From a 500’ well in NE PA. This is what I got back from Ward Labs:



So what’s the best way to add sulfate?  Gypsum?


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Offline hopfenundmalz

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Re: Post your water report
« Reply #440 on: Today at 01:16:39 AM »
From a 500’ well in NE PA. This is what I got back from Ward Labs:



So what’s the best way to add sulfate?  Gypsum?


Sent from my iPhone using Tapatalk
Yes, gypsum. You can add some Epsom salt, but keep those Mg levels low.
Jeff Rankert
Ann Arbor Brewers Guild
AHA Governing Committee
BJCP National
Home-brewing, not just a hobby, it is a lifestyle!

Offline Robert

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Re: Post your water report
« Reply #441 on: Today at 01:21:31 AM »


From a 500’ well in NE PA. This is what I got back from Ward Labs:



So what’s the best way to add sulfate?  Gypsum?


Sent from my iPhone using Tapatalk
Yes, gypsum. You can add some Epsom salt, but keep those Mg levels low.

Agree.  Malt itself provides all the magnesium that's really needed, and it can lend an unpleasant taste in any quantity.  Calcium is the magic dust of brewing anyway, so gypsum is the way to go.
Rob Stein
Akron, Ohio

I'd rather have questions I can't answer than answers I can't question.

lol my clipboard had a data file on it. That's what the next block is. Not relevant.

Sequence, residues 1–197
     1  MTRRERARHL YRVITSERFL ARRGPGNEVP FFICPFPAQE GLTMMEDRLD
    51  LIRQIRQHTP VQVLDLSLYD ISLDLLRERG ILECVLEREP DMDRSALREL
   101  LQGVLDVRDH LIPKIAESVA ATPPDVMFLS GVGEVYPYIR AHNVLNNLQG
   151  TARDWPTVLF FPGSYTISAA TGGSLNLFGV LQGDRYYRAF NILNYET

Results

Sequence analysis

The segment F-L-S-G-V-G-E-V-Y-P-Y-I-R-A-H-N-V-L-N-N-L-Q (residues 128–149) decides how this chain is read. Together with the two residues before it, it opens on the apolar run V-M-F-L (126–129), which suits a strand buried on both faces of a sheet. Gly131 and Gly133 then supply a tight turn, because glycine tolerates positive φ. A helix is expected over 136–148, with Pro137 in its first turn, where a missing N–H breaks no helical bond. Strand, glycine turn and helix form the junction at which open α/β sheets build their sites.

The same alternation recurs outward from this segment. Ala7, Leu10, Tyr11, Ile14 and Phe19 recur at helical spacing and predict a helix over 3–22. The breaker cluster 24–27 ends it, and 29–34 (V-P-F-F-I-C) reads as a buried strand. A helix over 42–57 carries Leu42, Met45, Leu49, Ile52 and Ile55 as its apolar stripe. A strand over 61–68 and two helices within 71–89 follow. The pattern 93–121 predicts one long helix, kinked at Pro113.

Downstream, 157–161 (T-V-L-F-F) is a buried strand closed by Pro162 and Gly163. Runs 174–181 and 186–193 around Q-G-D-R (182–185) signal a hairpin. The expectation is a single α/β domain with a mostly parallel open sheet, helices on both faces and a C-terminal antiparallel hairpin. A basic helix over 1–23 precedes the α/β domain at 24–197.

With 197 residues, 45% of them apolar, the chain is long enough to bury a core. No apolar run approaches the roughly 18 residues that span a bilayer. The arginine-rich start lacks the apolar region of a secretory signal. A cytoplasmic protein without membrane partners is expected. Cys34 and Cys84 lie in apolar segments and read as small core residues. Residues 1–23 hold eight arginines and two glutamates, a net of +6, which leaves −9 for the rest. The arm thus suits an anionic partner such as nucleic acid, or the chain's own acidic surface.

Offline Robert

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Re: Post your water report
« Reply #442 on: Today at 01:35:46 AM »


New Castle, DE - Municipal Services Commission
June 1, 2019
4 wells, 1 treatment facility, carbon-filtered

Avg. Fluoride reading: 0.80 ppm
Avg. Chlorine reading: 1.20 ppm
Avg. pH: 7.5 (annual range: 6.7-8.2)
Temperature range: 50º-60.8º
Alkalinity, annual range: 18.3-18.9 ppm
Most recent test for water hardness: 26.6 mg/liter, considered soft (less than 60 mg/l)
Calcium: 12.2-16.1 ppm
Chloride: 61.2-95.6 ppm
Chlorine: 0.54-2.08 ppm
Manganese: 0.0021-0.0021 ppm
Magnesium: Not tested for
Sodium: 22.9-25.5 ppm
Sulfate: 9.5-14.2
Zinc: 0.0278-0.0278

It's fairly tasteless water but there's something that my Brita filters out of our drinking water, so it's probably the chlorine. I've brewed only with spring and distilled water so far but I'm going to give this stuff a go in a test batch this summer. Thoughts, anyone?

You'll definitely need to eliminate the chlorine, of course.   It would help if you knew whether your water plant used chlorine or chloramine.   A carbon block filter run at <1 gpm (gal/min) will eliminate chlorine, but you'll need to go up to10 times slower to eliminate chloramine, and a chlorine test kit to periodically confirm that the filter is still in good shape would be prudent.  Otherwise, Campden tablets or another form of potassium or sodium metabisulfite will eliminate either chlorine or chloramine instantaneously (1 tablet to ~20 gal) but be aware this will add small amounts of both sulfate and chloride, as well of course as sodium or potassium.  I would favor gypsum for adding calcium (you'll want at least 50 ppm) since you already have a fair amount of chloride.
Rob Stein
Akron, Ohio

I'd rather have questions I can't answer than answers I can't question.